Houston has a new problem — and this one has nothing to do with NASA. The Texas metropolis known for its oil and aerospace industries has become a hub for human trafficking, with police and sex worker advocates describing a city that is teeming with brothels and seedy massage parlors that import women to work as sex slaves.
Authorities recently arrested four Houston men and charged them with human trafficking crimes for allegedly flying in women from China to live and work in massage parlors where customers were offered sexual services.
Anti-trafficking advocates who work in the city say its proximity to the Mexican border and position on an interstate corridor has contributed to the profusion of sex-focused businesses. According to Micah Bailey, director of operations at the advocacy group Elijah Rising, the city's sex workers are a mix of young American women and men who have run away from home and fallen in with pimps, Hispanic women who have crossed the border, and Asian women who have been brought to the country through fraudulent employment services.
Bailey said that Houston is unique in that you can "go out on the street and see massage parlor after massage parlor after brothel lining the streets. In other cities you don't see that." Many of the young women and men her group works with are runaways who have been coerced by pimps into sex work, she said.
Last week, four of those massage parlors were raided by a coalition of law enforcement agencies, including the Montgomery County Sheriff's Office, Immigration and Customs Enforcement, and the Department of Homeland Security. Eight women between the ages of 20 and 30, mostly Chinese nationals, were rescued, according to the Montgomery County District Attorney's office.
Charging documents filed by the DA described a ring that moved women back and forth among 12 different locations throughout the Houston region. Ads for prostitution services were reportedly placed on Backpage.com. Thomas Tran, Nianying Xie, Jeffery Wright, and Xing Shi were all charged with trafficking of persons based on prostitution.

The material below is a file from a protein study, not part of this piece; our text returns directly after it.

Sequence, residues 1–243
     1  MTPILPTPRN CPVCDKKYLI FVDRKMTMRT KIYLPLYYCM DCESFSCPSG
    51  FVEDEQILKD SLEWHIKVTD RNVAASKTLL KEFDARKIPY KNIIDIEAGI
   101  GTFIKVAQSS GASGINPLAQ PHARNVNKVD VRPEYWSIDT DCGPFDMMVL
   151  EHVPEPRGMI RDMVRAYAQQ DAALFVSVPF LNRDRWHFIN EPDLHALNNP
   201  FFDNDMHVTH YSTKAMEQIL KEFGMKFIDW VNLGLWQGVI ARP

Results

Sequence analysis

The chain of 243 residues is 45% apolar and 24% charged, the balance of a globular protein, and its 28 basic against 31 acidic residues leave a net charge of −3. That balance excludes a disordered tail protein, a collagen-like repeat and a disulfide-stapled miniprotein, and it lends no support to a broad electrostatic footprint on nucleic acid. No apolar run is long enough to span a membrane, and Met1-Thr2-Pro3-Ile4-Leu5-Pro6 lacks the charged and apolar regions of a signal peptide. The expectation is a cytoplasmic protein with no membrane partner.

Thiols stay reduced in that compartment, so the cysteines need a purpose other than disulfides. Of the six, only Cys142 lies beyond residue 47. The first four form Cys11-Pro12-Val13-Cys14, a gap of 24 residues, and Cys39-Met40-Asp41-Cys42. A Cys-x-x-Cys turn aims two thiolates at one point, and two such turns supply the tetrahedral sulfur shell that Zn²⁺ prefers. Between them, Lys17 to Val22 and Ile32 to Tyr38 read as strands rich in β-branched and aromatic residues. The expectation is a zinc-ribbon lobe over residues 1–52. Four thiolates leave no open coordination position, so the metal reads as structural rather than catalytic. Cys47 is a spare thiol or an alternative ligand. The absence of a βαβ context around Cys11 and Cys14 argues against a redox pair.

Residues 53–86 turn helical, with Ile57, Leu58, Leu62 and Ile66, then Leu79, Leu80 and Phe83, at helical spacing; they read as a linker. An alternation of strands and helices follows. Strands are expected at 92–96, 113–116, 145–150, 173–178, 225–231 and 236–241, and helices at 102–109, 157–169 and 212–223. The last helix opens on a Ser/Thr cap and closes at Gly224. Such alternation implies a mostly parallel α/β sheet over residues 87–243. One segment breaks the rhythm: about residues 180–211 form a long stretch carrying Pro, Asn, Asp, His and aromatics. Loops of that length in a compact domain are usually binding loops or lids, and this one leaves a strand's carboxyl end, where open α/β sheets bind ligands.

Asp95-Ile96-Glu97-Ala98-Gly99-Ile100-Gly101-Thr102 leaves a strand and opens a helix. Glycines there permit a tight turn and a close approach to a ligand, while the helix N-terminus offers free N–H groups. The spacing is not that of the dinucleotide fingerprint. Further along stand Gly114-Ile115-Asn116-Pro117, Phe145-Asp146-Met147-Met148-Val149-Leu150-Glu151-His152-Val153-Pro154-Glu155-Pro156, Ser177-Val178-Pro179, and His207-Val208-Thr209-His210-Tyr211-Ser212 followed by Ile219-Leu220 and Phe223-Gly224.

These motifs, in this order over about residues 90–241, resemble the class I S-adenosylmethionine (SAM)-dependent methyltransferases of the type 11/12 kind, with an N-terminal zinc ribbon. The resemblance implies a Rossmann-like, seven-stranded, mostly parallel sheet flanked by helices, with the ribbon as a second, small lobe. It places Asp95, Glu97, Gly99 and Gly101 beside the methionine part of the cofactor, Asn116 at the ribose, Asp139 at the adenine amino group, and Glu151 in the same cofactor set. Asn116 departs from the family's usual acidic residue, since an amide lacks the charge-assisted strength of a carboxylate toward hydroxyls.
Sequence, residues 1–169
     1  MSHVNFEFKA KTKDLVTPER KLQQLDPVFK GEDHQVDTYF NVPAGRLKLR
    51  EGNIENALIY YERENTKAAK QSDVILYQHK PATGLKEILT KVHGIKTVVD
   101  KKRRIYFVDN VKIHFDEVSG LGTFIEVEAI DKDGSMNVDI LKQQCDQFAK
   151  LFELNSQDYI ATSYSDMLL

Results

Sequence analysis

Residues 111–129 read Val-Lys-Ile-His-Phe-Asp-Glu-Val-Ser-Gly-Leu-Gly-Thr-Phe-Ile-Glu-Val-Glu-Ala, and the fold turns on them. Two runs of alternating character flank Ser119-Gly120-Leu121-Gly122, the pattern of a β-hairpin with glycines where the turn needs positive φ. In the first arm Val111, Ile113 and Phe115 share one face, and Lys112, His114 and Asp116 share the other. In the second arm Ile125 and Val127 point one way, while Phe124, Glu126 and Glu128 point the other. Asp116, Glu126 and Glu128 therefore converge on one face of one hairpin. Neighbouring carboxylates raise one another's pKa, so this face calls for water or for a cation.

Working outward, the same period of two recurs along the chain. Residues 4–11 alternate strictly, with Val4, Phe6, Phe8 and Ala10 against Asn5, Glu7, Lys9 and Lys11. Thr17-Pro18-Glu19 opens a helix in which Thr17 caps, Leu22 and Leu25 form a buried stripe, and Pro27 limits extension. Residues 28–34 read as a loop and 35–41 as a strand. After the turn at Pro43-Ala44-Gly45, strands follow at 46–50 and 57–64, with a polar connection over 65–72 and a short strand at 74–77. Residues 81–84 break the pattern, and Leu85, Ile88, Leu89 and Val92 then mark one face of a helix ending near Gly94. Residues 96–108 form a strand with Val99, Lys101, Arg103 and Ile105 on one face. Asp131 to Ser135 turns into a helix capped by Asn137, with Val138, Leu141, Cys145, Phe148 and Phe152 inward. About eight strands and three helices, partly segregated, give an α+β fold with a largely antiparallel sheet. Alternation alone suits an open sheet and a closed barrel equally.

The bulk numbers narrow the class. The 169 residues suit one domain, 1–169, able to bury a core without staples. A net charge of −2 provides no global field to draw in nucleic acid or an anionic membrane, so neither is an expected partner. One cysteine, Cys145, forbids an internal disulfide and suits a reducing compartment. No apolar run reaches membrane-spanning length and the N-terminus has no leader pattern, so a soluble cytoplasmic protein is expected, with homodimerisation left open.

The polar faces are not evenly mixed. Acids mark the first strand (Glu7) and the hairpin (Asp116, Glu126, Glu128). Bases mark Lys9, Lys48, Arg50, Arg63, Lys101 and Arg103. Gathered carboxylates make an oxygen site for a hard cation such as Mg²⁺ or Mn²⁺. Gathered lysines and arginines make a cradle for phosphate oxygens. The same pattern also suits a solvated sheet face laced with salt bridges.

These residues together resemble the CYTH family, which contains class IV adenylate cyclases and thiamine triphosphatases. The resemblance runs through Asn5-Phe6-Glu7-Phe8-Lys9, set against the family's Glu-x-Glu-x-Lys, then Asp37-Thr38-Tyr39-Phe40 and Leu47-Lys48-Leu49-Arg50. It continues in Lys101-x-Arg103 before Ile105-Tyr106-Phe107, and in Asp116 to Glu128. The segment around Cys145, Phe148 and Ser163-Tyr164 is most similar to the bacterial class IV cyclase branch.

Tyler Dunman, assistant district dttorney in Montgomery County, explained that law enforcement agencies throughout the Houston region have been aggressively going after human trafficking operations in recent years, leading to a spate of arrests that he said has made the problem more visible than it might be in other cities.
"Having said that, yes, we do have a problem," Dunman said. "The ring we busted here in Montgomery County is part of a ring in the larger Houston area, originating out of New York City, as a vehicle for these victims to come in from China."
This particular ring promised Chinese women employment in New York City, then flew them to Houston, distributed them to massage parlors throughout the region, and forced them to stay there, the prosecutor said. "They live there in these storefronts and engage in what is essentially commercial sex slavery," he said.
The women who were rescued during the bust were reportedly taken to a safe location where advocates and government workers will offer them resources and counseling.
Two advocacy organizations that work to disrupt human trafficking said that Houston's proliferation of sex-oriented businesses contributes to the trafficking problem. Jamie Caruthers, senior staff attorney for Children at Risk, said there are more than 300 illicit sexual businesses in Houston, many of which are massage parlors that are fronts for brothels.
"You can go on john review boards and see guys reviewing services they received at so-called massage parlors," Caruthers said.
While they could not estimate the number of women involved in sex work in Houston, Bailey said one online prostitution website sees between 300 and 500 posts a day advertising sex services, while Caruthers said Backpage.com in Houston sees about 600 posts a day. A recent visit to Backpage.com turned up hundreds of listings for massage parlors that seemed to be blatantly offering sexual services.
Both Caruthers and Bailey praised Houston police for going after the criminal enterprises behind the operations rather than the women practicing prostitution.
"It's very easy for law enforcement to go out and arrest prostitutes," Caruthers said. "HPD has been exemplary, they realize what a problem it is and that it's not a victimless crime."
Follow Colleen Curry on Twitter: @currycolleen
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